Is having a day off enough?

‘Make sure you have a day off’ – we often hear those words. People, and clergy are not alone in this, are often encouraged to ensure they have their rest day.

Talking in a group of clergy recently we questioned the aptness of the advice, especially in these days of the Coronavirus pandemic. The advice can rather glib, too simple and too easily said. There is so often nowadays a much deeper issue, a deeper ‘ailment,’ which cannot simply be addressed by having a day off. Indeed we wondered just how far we can rest and relax in these days when once supportive connections are weakened, movement is restricted, and work is home based.

Many are experiencing feelings which, while partly due to tiredness or exhaustion, also run deeper. There is a feeling of heaviness, lethargy, even collapse. This may be due to depression, and indeed many more cases of mental health illness are being found in current days. With this, or sometimes apart from it, can go a spiritual heaviness, a feeling of discontent, a lack of care, and a lack of energy. It is as if, one spiritual author wrote ‘a high wall blocks out the light of God.’

Acedia, a 16th century engraving

To describe this feeling spiritual writers have used the word accidie. (Pronounced ak-sidee). The great priest John Keble described his experience of accidie:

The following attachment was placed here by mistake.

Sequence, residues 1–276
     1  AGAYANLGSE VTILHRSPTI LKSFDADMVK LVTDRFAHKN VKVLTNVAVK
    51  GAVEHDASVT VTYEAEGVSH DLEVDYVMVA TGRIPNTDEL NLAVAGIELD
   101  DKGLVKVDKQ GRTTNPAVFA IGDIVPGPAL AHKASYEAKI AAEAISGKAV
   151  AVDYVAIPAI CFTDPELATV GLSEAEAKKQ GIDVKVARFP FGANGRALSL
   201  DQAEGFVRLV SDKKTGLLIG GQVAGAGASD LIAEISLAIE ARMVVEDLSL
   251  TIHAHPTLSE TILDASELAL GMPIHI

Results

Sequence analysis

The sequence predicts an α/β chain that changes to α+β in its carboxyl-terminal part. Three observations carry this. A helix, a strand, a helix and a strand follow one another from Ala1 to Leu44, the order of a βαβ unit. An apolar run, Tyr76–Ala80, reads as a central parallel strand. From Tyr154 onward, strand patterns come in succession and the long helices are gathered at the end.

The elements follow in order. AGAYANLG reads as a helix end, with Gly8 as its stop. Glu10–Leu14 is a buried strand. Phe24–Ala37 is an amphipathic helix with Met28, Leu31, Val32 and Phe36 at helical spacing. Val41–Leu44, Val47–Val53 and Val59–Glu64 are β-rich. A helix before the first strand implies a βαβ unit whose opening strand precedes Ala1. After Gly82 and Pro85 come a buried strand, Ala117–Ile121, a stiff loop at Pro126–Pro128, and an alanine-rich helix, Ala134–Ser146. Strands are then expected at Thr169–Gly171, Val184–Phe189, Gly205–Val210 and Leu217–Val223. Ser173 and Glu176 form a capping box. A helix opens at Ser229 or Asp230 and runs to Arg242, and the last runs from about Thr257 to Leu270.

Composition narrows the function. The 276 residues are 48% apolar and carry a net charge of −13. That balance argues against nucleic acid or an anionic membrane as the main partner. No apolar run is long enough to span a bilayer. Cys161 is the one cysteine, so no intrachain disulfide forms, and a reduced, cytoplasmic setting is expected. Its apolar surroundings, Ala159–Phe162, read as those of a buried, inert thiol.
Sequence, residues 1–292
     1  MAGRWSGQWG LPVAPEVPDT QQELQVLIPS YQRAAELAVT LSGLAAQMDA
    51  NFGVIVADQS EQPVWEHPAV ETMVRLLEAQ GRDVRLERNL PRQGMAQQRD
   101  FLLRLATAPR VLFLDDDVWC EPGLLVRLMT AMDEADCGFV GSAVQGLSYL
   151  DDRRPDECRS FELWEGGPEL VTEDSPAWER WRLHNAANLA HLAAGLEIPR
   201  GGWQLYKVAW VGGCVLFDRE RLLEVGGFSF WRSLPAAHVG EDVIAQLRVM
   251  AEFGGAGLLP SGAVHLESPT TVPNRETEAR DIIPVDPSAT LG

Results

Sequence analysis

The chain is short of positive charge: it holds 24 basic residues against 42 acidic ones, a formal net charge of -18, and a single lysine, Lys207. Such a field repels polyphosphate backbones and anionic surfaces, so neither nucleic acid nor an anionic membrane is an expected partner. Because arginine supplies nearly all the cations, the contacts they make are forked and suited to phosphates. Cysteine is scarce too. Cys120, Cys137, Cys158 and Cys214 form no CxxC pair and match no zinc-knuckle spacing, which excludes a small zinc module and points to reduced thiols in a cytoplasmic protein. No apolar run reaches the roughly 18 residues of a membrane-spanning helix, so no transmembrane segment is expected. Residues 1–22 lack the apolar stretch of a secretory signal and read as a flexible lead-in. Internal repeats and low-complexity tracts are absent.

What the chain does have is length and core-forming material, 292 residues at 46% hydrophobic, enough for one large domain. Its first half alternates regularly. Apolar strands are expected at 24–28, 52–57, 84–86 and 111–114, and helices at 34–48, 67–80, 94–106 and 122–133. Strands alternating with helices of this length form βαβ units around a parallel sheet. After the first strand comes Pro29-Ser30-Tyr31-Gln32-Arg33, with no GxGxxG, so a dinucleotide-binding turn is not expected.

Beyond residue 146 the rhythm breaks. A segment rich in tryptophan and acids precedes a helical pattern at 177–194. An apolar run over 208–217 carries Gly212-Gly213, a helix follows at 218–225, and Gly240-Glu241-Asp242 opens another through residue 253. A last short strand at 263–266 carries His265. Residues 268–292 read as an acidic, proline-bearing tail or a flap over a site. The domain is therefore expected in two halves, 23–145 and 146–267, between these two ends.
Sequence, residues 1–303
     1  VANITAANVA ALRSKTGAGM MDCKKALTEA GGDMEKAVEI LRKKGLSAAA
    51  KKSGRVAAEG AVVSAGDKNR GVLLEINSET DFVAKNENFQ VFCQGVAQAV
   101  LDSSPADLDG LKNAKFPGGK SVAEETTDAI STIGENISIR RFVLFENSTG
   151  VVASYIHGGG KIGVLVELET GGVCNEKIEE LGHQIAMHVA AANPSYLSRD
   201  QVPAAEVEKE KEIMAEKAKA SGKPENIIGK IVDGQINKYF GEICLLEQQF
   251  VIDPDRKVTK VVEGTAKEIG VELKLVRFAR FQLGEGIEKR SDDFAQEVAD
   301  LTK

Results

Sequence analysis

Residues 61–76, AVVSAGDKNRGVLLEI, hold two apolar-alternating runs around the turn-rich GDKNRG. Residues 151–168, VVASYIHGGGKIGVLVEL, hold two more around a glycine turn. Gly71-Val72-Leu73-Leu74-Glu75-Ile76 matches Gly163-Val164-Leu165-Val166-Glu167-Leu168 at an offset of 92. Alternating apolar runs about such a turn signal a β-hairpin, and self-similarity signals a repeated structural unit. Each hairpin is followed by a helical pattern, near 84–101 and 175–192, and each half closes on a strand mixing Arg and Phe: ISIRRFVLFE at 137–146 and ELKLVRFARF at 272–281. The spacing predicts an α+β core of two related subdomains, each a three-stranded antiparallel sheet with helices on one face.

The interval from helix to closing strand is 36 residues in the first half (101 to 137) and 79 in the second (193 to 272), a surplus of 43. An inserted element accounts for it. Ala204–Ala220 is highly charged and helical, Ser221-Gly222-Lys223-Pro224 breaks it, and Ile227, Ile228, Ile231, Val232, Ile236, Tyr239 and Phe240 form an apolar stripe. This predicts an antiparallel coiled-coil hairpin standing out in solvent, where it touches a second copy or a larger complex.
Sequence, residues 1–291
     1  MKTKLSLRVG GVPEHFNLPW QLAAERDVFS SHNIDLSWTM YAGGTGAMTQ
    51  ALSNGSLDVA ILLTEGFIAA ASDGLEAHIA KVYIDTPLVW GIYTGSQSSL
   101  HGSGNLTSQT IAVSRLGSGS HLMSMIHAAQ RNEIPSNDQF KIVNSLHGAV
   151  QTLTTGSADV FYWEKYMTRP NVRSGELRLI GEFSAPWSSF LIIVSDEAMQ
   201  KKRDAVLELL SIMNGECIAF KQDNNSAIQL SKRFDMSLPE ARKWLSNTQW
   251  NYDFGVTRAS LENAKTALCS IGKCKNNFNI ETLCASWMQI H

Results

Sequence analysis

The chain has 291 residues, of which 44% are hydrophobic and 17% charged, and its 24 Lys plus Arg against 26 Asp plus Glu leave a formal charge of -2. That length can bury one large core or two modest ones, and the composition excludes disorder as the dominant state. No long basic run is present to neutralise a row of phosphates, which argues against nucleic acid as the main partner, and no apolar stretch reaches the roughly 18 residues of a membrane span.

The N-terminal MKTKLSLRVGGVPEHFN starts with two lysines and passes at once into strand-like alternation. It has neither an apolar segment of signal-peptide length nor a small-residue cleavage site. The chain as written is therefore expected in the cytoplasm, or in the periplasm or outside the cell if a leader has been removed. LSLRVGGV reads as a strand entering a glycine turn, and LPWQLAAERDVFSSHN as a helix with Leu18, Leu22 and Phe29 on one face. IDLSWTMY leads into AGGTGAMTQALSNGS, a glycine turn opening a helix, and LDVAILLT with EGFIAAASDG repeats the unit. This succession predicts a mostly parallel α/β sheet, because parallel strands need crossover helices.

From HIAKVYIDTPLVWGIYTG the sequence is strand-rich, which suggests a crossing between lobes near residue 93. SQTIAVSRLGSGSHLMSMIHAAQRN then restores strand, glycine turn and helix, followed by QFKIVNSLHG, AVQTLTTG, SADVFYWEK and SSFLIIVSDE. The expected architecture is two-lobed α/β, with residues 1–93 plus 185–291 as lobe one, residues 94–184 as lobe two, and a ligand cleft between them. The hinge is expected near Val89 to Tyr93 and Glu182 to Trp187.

I find very often at hand a feeling forbidding me to enjoy the good things… a certain perverse pleasure … in which I turn over a huge heap of blessings to find one or two fancied evils…

Over one hundred years ago the great theologian and bishop Francis Paget published an influential essay, Concerning Accidie. Paget explored how people have understood accidie through the centuries.

In his essay Paget quotes Dante’s Inferno to describe the feeling:

Sullen were we in the sweet air that is gladdened by the sun. We carried lazy smoke in our hearts; now lie we sullen here in a black mire.

Paget commented that while some authors described accidie as a sin, it was also seen as an ailment. If a person deliberately choses the darkness of spirit and chooses negativity then there was something of the sinful about it, however, Paget maintained circumstances could lead the mind and spirit to it and so it had the nature of an ailment – akin to melancholy or depression.

Paget was very surprised at the reception his work gained. Many people wrote to him telling him how they experienced spiritually what he described. To this day his essay is considered to be authoritative on the subject.

Paget went on to suggest four ways which could help the Christian remedy the situation. Our next blog post looks at Paget’s suggestions and how we could use them today.

About stchrysostoms

St Chrysostom’s is an Anglican (Church of England) parish church in Manchester, UK. We’re an inclusive, diverse and welcoming faith community rejoicing in our Anglo Catholic tradition, where people of many differing backgrounds make friends. Find our Facebook group at
This entry was posted in Uncategorized. Bookmark the permalink.

Leave a Reply

Fill in your details below or click an icon to log in: Logo

You are commenting using your account. Log Out /  Change )

Google photo

You are commenting using your Google account. Log Out /  Change )

Twitter picture

You are commenting using your Twitter account. Log Out /  Change )

Facebook photo

You are commenting using your Facebook account. Log Out /  Change )

Connecting to %s

This site uses Akismet to reduce spam. Learn how your comment data is processed.